Of course, like speaking French, you don’t just wake up overnight and know how to speak digital. This is why a mindset of “learning is working” is crucial, especially in a situation where under pressure teams may need to do more with less in the face of budget cuts and hiring freezes.
Essentially, business modernisation is about rapid change and the ability to keep pace with it. Unless learning becomes an innate part of an organisation, they will struggle to compete, and even more so in extraordinary circumstances. The onslaught of Coronavirus means that singing from the same digital hymn sheet is now a matter of urgency. And dare I say it, with increasing amounts of the workforce homebound, the environment for learning becomes more comfortable, appealing and manageable. It’s a great chance to turn a crisis into an opportunity.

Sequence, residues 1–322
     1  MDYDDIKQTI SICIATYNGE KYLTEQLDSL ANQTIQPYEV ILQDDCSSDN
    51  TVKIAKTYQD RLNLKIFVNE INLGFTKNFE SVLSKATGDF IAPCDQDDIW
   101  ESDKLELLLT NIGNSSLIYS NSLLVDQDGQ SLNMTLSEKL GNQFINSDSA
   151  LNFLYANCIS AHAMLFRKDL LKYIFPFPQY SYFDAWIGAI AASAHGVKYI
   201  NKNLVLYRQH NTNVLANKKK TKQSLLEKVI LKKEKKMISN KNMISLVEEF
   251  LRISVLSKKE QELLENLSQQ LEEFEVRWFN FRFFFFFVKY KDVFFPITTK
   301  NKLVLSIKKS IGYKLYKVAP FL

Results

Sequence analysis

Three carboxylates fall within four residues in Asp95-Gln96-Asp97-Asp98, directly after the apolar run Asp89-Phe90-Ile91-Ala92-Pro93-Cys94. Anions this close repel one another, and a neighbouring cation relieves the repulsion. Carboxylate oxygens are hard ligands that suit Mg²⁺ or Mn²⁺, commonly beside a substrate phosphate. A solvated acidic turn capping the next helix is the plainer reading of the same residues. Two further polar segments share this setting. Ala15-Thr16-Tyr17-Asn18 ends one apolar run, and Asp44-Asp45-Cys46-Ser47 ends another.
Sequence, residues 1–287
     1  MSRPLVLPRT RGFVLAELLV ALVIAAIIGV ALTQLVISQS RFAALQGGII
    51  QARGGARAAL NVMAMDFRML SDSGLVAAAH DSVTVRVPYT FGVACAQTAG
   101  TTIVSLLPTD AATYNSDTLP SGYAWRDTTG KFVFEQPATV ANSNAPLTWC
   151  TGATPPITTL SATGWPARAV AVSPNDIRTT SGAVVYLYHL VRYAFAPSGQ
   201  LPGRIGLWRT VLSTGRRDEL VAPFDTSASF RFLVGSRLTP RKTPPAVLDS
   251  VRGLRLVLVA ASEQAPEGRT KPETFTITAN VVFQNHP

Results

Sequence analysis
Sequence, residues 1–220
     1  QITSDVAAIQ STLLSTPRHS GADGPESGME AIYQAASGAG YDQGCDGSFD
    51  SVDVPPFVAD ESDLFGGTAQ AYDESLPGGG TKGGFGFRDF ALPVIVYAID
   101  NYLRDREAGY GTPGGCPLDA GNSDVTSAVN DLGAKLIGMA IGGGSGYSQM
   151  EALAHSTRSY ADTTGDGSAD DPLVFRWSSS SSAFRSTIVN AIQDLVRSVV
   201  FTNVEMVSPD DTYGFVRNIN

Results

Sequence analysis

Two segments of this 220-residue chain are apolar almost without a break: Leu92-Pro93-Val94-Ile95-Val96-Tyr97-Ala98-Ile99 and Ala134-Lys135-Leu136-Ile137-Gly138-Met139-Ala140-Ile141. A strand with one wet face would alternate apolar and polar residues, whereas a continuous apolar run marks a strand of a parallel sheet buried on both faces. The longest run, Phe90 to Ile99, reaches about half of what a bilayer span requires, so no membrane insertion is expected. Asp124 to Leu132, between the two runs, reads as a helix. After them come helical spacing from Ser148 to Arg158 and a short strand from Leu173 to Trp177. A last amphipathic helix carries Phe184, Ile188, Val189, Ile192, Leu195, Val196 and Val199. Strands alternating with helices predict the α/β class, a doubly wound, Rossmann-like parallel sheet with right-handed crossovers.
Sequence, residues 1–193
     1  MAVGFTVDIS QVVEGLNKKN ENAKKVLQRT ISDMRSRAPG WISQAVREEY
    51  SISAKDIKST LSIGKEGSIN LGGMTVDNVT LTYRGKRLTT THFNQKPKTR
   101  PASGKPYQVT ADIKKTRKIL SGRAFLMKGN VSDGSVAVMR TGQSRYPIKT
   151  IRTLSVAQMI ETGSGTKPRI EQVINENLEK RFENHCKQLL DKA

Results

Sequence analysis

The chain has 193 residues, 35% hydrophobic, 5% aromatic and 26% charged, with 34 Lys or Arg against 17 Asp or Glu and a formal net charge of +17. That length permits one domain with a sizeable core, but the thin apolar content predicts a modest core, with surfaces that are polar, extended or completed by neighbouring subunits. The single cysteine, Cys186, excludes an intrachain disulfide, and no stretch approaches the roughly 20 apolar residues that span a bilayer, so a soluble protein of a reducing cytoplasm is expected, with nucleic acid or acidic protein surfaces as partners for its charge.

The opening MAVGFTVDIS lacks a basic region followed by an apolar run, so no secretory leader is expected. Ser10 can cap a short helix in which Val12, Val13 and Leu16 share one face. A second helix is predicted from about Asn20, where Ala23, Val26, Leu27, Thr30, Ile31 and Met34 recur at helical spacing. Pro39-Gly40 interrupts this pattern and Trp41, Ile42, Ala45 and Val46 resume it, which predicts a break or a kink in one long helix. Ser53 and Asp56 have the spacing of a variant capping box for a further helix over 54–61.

Of course, those budget cuts and hiring freezes will come with the question of where further slashes can be made in order to keep heads above water – and learning may seem like an easy target. A need to help the businesses we work with tangibly demonstrate the value of learning means we’ve moved beyond reporting on course completion rates to measuring business impact.
For example, a goal may be to increase the percentage of eCommerce spend by 30 per cent over the next two years. We then identify what behaviours need to change within teams to achieve that. Once senior leaders can tie learning to a tangible level of strategic business impact, it becomes more difficult to justify cuts, even in the pressure-cooker climate that may be set to erupt.
Is being at home every day and rethinking our operations thanks to a deadly virus what we want? Of course not. But there may not be time to take stock of the fallout before making changes. It’s happening now, and we’ve all been thrust into navigating this new business environment – one that may not be the same as it was before.
Is it time to modernise your business? Try our learning programme with a free trial here.
Learning & Development